Christine's Reviews > Rogues

Rogues by Ava March
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Apr 23, 12

liked it
bookshelves: adult, galley
Read in April, 2012

Rogues is the third book in the Brook Street series, and is technically considered a novella, coming in at 82 pages. As far as I know, it’s only going to be available in ebook form, through Carina Press, when it’s released in May.

Before we continue, I feel you should know something about me. I have a weakness for M/M stories. I try not to overindulge because it’s something of a ‘guilty pleasure’ for me to read them, but without the guilt, especially when you learn what kind of fanfiction I gravitate toward. But when you place a M/M story in Regency England, I’m sold. I will read it, even if it has the worst summary in the world. If there’s a book out there set in Regency England, featuring two male love interests and one or both of them are shapeshifters, I have a feeling it would become my favorite book of all time. (I know my reading tastes well.)

Seriously, though, if there’s a book out there like that, someone please let me know. I’m talking Regency, two hot guys and at least one or both being shapeshifters. Ideal. Book.

Once you get past the obviously photoshopped cover, which is a small thing to do since it’s an ebook, Ava starts the novella by dropping us in the middle of Rob’s struggle with his feelings of seeing Linus chat up another man at a Ton event.

I think the reason I like this setting for M/M in particular is probably due to how restrained the lead characters have to be while in each other’s presence in public. You can feel the longing and need for each other, if written well. You can experience the same thing with the usual historical romance since casual touch was very much frowned upon, but what makes it more… exciting, I guess, is if anyone ever found out about two guys being together, they could be killed for it. It was a capital offense back then. So, for two guys to be in a lasting and loving relationship, they both had to know the risks going into it, and find the patience and strength to appear as ‘just friends’ to the rest of the world. Can you imagine how hard that must have been for them? Can you understand what it might be like to love someone but never be able to tell anyone or lay claim to him for fear of your very life?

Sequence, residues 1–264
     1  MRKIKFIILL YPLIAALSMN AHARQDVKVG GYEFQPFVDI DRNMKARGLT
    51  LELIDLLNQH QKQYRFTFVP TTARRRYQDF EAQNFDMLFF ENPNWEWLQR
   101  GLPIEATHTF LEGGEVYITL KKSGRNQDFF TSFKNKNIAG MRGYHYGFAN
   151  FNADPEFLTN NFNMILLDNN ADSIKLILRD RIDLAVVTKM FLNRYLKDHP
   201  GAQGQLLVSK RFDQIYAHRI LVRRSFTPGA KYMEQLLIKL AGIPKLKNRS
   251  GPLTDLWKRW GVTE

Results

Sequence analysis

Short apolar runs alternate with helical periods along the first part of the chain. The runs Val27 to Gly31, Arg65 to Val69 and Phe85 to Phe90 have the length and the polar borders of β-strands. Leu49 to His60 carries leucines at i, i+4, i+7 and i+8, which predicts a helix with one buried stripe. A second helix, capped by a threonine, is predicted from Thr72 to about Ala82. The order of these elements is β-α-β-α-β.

It just guts me, when I think about it and when I read these type of books.

Ava does a good job introducing this concept into Rogues, though these guys are a little freer than most since they’re friends with other men of the same persuasion. Which is good. It’s always good to have friends who know you for who you are, not for who you appear to be to the rest of the world.

What I liked most about Rogues was how Ava March managed to get me invested in these characters, lay out an entire plot and include several scenes of hot sexy times in only 80 pages. I’ve read books that go on for hundreds of pages and don’t even come close to doing the same. I noticed the same thing in Thief. She manages to flesh out her main and secondary characters in a very short amount of space, which is noteworthy in itself, which makes you, as the reader, only want more.

Overall, I found this novella a bit angsty with some cute flirting and possessive parts mixed in, as well as a few steamy parts that are always fun to read. If you like M/M books, I’d suggest starting with the first book of this series and working your way through. I doubt you’ll be disappointed.
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